(China doesn't make all stuff, just cheap stuff. India doesn't perform all thought work, just cheap thought work.)

Rob

Jonathan Roth said...

I wouldn't say that the leaks were utter yawns. Remember the early leaks? Bombing civilians left and right in Afghanistan? Denying that Iraq was in a civil war when all of the proof coming in to the government said that it was?

Tony Fisk said...

Nonsense, David. Assange can leak it because he knows we won't kill him. And because he's idealistic. Those properties aren't related to a refutation of American hegemony.

I think David's point was that a hegemony would have squished the bug ages ago.
See what happens if Chinese or Russian based cables ever get aired (if they ever are!).

Yes, the cables are banal. What we're seeing in places like the twittersphere is an allergic reaction to the 'official' response. (Sez one lymphocyte)

David Brin said...

Note all... there is a second "David" in the house...

Robert said...

Now you know how I feel with the varied Roberts and Robs here. ;)

Rob H.

Ilithi Dragon said...

I think we should just call everyone Bob and be done with it.

Exershil: What political pundits do to stay in shape when not on the air.

Bob said...

Bob: Or as some would say it:

Just call everyone Bob - and Bob's your uncle!

-Bob

Ian said...

"By the way, I hear he's about to become a billionaire from his CO2 trading business. No conflict of interest here, move along..."

where did you hear that?

I'm somewhat surprised since the last time I checked he didn't own a carbon-trading business.

By the way I hear George Bush eats babies.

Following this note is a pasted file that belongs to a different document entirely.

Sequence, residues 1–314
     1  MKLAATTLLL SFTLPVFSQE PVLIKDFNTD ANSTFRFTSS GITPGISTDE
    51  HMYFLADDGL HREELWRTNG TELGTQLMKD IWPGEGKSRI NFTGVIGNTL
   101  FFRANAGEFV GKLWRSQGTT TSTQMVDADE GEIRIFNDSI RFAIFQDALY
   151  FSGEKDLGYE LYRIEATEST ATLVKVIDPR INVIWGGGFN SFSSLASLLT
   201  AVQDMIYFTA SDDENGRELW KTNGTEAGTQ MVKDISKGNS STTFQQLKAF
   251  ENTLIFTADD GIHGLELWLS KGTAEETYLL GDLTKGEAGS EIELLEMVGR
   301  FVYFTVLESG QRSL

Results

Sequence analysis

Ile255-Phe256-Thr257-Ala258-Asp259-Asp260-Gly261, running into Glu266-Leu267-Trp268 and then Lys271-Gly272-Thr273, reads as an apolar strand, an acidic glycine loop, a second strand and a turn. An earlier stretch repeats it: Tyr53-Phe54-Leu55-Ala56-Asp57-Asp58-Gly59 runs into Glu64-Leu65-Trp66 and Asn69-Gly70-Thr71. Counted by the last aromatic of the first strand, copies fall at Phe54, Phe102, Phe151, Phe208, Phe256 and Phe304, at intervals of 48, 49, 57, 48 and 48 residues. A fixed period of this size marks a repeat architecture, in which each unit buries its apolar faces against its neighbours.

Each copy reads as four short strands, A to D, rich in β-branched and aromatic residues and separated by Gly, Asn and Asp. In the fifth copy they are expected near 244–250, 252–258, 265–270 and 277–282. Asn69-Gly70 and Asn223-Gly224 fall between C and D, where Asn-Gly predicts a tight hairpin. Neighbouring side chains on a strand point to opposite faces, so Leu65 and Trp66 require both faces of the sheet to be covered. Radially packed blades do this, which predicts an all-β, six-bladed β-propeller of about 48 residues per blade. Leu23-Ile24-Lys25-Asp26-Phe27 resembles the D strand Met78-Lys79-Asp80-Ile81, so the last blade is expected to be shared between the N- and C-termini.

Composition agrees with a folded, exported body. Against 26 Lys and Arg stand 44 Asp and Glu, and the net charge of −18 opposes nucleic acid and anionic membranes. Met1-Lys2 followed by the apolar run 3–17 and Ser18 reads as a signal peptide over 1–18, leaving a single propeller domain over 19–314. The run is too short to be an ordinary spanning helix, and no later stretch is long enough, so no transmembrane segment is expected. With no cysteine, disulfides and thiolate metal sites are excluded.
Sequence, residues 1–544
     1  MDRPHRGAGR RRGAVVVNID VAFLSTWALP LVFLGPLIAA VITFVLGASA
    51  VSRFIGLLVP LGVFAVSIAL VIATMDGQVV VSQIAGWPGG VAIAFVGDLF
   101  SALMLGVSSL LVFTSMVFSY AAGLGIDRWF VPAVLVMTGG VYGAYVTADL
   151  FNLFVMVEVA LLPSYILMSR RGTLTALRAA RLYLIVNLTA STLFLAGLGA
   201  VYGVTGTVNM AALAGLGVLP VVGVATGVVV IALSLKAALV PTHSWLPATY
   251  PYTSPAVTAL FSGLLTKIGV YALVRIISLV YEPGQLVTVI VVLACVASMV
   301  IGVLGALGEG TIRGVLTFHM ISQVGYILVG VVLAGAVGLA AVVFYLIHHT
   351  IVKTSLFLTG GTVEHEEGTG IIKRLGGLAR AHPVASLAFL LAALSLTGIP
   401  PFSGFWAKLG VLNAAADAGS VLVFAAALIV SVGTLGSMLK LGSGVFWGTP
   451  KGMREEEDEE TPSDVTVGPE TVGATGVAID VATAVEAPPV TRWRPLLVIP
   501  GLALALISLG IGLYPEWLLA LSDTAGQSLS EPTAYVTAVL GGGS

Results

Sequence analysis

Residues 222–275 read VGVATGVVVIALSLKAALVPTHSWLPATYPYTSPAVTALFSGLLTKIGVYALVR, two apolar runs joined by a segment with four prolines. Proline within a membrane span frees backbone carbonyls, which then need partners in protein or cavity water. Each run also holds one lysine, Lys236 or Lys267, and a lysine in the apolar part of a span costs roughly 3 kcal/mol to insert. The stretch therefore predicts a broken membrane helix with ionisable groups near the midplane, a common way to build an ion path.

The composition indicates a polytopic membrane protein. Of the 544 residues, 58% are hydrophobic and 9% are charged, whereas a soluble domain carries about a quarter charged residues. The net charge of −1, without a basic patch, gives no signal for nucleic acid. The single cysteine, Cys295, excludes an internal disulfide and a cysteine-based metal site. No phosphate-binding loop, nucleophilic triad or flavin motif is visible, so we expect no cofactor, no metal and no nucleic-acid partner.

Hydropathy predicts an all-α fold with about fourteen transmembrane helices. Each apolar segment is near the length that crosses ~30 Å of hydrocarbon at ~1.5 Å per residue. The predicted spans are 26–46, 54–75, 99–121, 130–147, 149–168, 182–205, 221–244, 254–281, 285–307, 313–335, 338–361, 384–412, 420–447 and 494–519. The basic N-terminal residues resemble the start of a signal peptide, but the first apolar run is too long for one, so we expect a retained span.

Tony Fisk said...

Mmmm! Bush babies!*

On topical matters, Jonathan Holmes muses on where Assange is coming from.

Alex Steffen has a grumpy tweet about Dragon being for billionaire tourists

*With high gelatin content, of course!

jubco: Florida company that makes jelly babies

Tony Fisk said...

... Malcolm Turnbull's opinion (drawing comparisons with the 'Spycatcher' case) is worth reading as well.

He also thinks the US State Dept. should swallow its pride and help vet the cables.

Robert said...

Now, this? This is just sick. And yet Republicans insist that regulations on the banking industry are bad. Of course, if a person did this sort of thing, it would be called "theft" and that person would go to jail. Not so for a corporate entity of course. They get a pat on the back and are bailed out when they fuck us over.

Rob H.

David Brin said...

I don't mind expensive billionaire passtimes that suck up their extra lucre in ways that subsidize the rest of us. Space jaunts qualify, the way first class travel used to.

What I despise is hoarding, using wealth to gain undue influence, and spending it in ways that UNDERMINE us... like corporate and charter jets.

Tony Fisk said...

I'm not really that fussed either. Steffen's gripe is that 1000 spaceflights equate to 1 year's aviation emissions.

I'd be surprised if there are 1000 billionaires rarin' to go.

(unless we're looking at Stark?)

David Brin said...

Some of you asked me for my source on this.

Here it is:

Stunning statistics from the Pew Research Center: Only 6% of U.S. scientists call themselves Republican, while 55% claim to be Democrats, and 32% Independent, 7% uncommitted. How can this repudiation be anything other than meaningful? As American politics becomes increasingly polarized, science should be a middle ground of reason and rationality. Now we know why the Gingrich Congress erased and banned all scientific advisory panels from Capitol Hill. Even those that were certified balanced and neutral. Draw your own conclusions.
http://people-press.org/report/528/
http://www.slate.com/id/2277104/

Tim H. said...

Ian, this headline seems misleading: http://www.telegraph.co.uk/earth/energy/6491195/Al-Gore-could-become-worlds-first-carbon-billionaire.html
When you read the sort article,the wealth is from an investment in smart power line tech, a good thing.

D said...

At some level relativity must be wrong-- because it contradicts quantum mechanics. But the new theory that replaces it will contain relativity as an accurate approximation over a large range of scales. That's how science "disproves" established theories: it subsumes them, rather than destroying them. The conspiracy theorists never get that.

Robert said...